Side effects are often not published
High percentage of medical publications are based on flawed experiments
RESULT: MANY PEOPLE SUFFER FROM
BAD MEDICINES AND EVEN FROM
UNNECESSARY TREATMENTS
Sources: Howard Brody | Ben Goldacre | Richard Smith | John Ioannidis
OA enables higher education for all through
the internet
• eLearning initiatives like Coursera, eDX, Udacity
Level of education will rise rapidly
• More education - more economic and social
development
Open Access opens
Science for All
Science is the
motor for
economic
development
Research is the
key to fighting
disease
Participation of
scientists from
Africa, Asia and
Latin America
is necessary for
success
Open Access crucial for
scientists in the global south
conference The Hague 25 oct 2012
as long as scientific output remains behind walls of paid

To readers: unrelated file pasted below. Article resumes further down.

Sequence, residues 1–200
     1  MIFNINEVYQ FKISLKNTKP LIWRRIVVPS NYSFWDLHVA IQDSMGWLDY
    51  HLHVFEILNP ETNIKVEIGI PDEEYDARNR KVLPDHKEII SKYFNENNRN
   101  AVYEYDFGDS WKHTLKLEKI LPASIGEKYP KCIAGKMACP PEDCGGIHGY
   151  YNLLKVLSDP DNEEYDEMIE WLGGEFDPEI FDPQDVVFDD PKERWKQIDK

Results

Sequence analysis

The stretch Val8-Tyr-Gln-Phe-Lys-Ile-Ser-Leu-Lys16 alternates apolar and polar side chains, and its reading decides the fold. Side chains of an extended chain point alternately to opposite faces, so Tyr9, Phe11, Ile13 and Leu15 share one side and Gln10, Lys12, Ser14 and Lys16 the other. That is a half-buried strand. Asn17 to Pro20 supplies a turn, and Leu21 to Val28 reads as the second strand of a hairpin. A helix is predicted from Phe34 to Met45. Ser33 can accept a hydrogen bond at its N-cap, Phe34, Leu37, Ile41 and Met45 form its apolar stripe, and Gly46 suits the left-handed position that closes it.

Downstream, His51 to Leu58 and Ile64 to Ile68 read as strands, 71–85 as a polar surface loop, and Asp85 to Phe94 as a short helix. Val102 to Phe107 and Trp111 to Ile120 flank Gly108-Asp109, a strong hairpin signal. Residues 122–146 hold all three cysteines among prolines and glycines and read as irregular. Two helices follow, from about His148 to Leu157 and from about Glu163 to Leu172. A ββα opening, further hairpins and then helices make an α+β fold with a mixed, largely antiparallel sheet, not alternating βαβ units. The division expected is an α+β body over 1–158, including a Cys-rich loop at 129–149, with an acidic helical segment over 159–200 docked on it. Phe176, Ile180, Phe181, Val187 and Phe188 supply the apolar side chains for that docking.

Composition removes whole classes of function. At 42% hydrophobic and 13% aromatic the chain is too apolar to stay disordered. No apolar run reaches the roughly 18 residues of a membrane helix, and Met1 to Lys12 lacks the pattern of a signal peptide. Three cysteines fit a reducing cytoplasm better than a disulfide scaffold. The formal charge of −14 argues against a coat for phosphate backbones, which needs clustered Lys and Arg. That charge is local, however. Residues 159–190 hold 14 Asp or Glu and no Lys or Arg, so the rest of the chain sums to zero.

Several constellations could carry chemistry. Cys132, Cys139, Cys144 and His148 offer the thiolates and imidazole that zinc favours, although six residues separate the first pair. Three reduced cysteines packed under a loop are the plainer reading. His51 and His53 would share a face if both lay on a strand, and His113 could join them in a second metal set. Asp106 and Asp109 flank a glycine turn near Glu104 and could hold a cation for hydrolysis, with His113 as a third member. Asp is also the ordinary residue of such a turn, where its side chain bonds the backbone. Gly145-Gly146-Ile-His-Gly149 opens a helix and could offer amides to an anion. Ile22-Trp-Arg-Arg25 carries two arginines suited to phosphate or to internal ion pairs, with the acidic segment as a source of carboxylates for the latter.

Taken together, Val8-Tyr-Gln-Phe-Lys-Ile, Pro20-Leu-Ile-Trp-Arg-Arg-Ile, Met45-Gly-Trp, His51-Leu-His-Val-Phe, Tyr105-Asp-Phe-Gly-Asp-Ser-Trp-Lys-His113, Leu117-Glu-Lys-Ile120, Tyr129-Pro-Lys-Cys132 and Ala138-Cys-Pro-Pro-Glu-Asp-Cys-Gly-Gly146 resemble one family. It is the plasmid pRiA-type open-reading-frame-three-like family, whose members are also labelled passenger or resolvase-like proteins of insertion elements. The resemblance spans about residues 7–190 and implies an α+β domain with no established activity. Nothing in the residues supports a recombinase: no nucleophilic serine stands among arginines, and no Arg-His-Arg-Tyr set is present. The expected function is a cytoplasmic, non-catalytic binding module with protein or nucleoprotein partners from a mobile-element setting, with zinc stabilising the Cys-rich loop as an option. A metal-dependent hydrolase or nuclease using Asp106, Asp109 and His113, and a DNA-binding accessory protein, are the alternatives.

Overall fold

content, no possibility for a dialogue will exist
How to Get Open Access
Scientists hold the power in
their own hands
Attitude change is crucial
Coordination of scientist networked
communities
Structured information and focused
communities
“When I light my candle from yours, I gain from you without subtracting from you. That’s what
sharing knowledge is like”. Peter Suber
Open Access
Toll Access
getting new ideas by
sharing
fear of losing ideas
Collaboration
Competition
Publish for impact
Publish or perish
Focus on quality
Focus on quantity
The open
access
movement is
fragmented
No consensus
on what open
access is
Someone needs to
coordinate these
communities
WHO?
No consensus
on the best
form of open
access
publishing